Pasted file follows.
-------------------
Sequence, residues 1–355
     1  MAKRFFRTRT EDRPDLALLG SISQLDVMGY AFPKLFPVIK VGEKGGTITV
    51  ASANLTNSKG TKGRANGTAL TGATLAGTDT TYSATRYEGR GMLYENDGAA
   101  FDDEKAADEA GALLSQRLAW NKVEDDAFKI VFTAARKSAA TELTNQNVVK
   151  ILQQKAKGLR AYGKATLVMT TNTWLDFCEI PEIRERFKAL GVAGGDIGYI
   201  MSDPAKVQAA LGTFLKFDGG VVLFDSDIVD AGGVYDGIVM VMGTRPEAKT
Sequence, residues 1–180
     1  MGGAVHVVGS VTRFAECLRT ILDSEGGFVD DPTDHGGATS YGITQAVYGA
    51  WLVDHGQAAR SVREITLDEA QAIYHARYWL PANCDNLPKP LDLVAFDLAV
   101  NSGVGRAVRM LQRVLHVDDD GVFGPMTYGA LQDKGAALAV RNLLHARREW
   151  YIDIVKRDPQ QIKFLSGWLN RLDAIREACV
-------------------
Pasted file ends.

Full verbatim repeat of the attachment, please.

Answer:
Sequence, residues 1–355
     1  MAKRFFRTRT EDRPDLALLG SISQLDVMGY AFPKLFPVIK VGEKGGTITV
    51  ASANLTNSKG TKGRANGTAL TGATLAGTDT TYSATRYEGR GMLYENDGAA
   101  FDDEKAADEA GALLSQRLAW NKVEDDAFKI VFTAARKSAA TELTNQNVVK
   151  ILQQKAKGLR AYGKATLVMT TNTWLDFCEI PEIRERFKAL GVAGGDIGYI
   201  MSDPAKVQAA LGTFLKFDGG VVLFDSDIVD AGGVYDGIVM VMGTRPEAKT
Sequence, residues 1–180
     1  MGGAVHVVGS VTRFAECLRT ILDSEGGFVD DPTDHGGATS YGITQAVYGA
    51  WLVDHGQAAR SVREITLDEA QAIYHARYWL PANCDNLPKP LDLVAFDLAV
   101  NSGVGRAVRM LQRVLHVDDD GVFGPMTYGA LQDKGAALAV RNLLHARREW
   151  YIDIVKRDPQ QIKFLSGWLN RLDAIREACV